This project investigates a novel treatment for word retrieval problems in aphasia, a debilitating language disorder typically resulting from a stroke on the left side of the brain. In the typical adult system, the ability to think of words is suppored by a complex set of processes that operate automatically and outside of conscious control (i.e., implicitly). Prior research evidence suggests that these automatic processes are impaired in aphasia, operating on a different time-course than in the typical system. The single-subject, multiple baseline design study proposed in this application will assess a treatment designed to directly address these automatic processes in order to restore rapid, accurate language processing. This treatment has already been tested in a Phase 1 study with two individuals with aphasia. Results demonstrated that naming became more accurate for treated items but substantially less so for untrained items within the same categories. In addition, some cross- category generalization was evident. The early Phase 2 study proposed here is the next critical step in developing this novel treatment methodology, assessing its effects in 10 individuals with aphasia.
The aims of this study are to assess treatment, generalization, and maintenance effects of this treatment approach. The treatment being studied in this project involves presenting picture names subliminally (masked priming), to encourage automatic processing without engaging explicit, conscious processes that could interfere with the automatic response. The masked primes will be repeatedly paired with their respective pictures, in order to rebuild the connections between words and their referents within the language processing network. After multiple pairings of the masked primes and pictures, the participants will be asked to name the picture, encouraging access to the portions of the language network pre-stimulated by the prime-picture pairs. This procedure will be repeated 4 times per session for each item being trained. Two semantic categories will be trained for 16 sessions each. Probe tests of naming accuracy and response time will be conducted multiple times before, during, and after treatment to assess cumulative changes in function as a result of the treatment. In addition, within-category and across-category generalization will be measured by repeated naming probes of untrained items. Findings from this study will be used to pursue larger-scale development of treatment methods for anomia that directly target restoration of automatic language processing networks.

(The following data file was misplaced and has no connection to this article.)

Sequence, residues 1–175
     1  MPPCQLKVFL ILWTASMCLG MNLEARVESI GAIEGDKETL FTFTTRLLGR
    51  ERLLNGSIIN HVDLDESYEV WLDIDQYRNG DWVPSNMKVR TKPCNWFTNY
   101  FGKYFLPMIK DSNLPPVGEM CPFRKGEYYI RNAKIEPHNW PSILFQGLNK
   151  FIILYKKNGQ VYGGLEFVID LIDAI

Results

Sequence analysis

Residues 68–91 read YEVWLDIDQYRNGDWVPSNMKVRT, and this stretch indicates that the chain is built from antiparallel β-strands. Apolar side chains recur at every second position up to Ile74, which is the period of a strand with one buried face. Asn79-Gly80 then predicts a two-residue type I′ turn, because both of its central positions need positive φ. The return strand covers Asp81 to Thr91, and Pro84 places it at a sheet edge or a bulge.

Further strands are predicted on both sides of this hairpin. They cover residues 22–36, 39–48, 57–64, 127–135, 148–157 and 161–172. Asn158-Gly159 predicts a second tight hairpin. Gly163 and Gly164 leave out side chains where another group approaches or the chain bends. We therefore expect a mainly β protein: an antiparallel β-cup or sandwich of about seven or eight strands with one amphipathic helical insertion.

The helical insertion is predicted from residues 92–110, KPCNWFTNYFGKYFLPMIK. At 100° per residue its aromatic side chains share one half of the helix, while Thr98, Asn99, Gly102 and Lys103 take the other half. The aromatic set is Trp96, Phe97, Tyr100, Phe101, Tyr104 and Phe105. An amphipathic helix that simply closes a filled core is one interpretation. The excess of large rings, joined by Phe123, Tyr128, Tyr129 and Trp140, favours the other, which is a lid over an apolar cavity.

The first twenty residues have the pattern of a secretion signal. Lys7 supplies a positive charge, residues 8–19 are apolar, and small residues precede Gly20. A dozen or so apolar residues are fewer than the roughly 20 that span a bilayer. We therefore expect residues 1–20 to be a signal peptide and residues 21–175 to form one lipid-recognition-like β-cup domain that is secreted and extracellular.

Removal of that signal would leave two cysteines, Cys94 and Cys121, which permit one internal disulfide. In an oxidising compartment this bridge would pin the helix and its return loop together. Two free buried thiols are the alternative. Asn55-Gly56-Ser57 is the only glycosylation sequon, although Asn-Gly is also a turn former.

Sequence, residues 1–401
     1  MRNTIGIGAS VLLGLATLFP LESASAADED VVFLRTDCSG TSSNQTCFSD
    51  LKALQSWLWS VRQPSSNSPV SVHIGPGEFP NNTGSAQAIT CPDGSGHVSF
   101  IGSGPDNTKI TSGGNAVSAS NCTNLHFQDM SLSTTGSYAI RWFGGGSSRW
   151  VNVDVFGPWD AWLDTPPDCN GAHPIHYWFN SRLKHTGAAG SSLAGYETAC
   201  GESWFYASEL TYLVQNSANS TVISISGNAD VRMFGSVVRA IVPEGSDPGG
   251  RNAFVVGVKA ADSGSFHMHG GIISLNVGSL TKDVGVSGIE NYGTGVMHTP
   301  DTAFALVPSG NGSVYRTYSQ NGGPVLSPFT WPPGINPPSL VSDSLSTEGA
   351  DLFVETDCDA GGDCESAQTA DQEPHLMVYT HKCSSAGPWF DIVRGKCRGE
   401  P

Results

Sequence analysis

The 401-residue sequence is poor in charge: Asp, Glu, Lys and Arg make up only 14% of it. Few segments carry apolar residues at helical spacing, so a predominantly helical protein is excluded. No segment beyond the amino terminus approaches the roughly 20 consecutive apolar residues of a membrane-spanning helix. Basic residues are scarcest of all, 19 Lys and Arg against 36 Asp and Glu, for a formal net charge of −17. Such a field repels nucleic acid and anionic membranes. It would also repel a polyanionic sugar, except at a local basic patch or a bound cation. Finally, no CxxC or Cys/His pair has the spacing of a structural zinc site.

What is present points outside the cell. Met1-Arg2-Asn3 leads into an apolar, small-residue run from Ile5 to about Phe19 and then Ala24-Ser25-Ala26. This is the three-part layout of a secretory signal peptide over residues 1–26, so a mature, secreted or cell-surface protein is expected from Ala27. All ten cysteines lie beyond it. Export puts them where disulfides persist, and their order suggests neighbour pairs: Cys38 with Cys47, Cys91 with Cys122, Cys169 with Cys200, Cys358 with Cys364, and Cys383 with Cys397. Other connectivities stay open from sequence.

Aphasia is a debilitating language processing disorder generally resulting from injury to the left side of the brain. This study investigates a novel treatment for word-finding problems, the most common symptom of aphasia. Development of this treatment methodology is expected to lead to more efficient, effective, and/or accessible treatments for aphasia.